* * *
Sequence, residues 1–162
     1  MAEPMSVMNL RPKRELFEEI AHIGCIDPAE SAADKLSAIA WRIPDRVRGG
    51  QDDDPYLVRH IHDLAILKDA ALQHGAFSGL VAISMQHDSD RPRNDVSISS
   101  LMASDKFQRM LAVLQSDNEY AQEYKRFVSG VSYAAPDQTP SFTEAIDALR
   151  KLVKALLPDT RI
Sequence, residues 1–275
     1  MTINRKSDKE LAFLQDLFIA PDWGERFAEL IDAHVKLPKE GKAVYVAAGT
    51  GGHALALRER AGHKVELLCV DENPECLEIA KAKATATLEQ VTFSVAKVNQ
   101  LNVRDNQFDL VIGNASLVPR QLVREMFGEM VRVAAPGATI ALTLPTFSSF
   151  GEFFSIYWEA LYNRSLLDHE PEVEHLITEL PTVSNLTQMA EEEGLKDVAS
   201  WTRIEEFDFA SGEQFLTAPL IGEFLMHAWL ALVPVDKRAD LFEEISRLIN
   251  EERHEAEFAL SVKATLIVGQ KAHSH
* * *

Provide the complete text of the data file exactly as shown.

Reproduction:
Sequence, residues 1–162
     1  MAEPMSVMNL RPKRELFEEI AHIGCIDPAE SAADKLSAIA WRIPDRVRGG
    51  QDDDPYLVRH IHDLAILKDA ALQHGAFSGL VAISMQHDSD RPRNDVSISS
   101  LMASDKFQRM LAVLQSDNEY AQEYKRFVSG VSYAAPDQTP SFTEAIDALR
   151  KLVKALLPDT RI
Sequence, residues 1–275
     1  MTINRKSDKE LAFLQDLFIA PDWGERFAEL IDAHVKLPKE GKAVYVAAGT
    51  GGHALALRER AGHKVELLCV DENPECLEIA KAKATATLEQ VTFSVAKVNQ
   101  LNVRDNQFDL VIGNASLVPR QLVREMFGEM VRVAAPGATI ALTLPTFSSF
   151  GEFFSIYWEA LYNRSLLDHE PEVEHLITEL PTVSNLTQMA EEEGLKDVAS
   201  WTRIEEFDFA SGEQFLTAPL IGEFLMHAWL ALVPVDKRAD LFEEISRLIN
   251  EERHEAEFAL SVKATLIVGQ KAHSH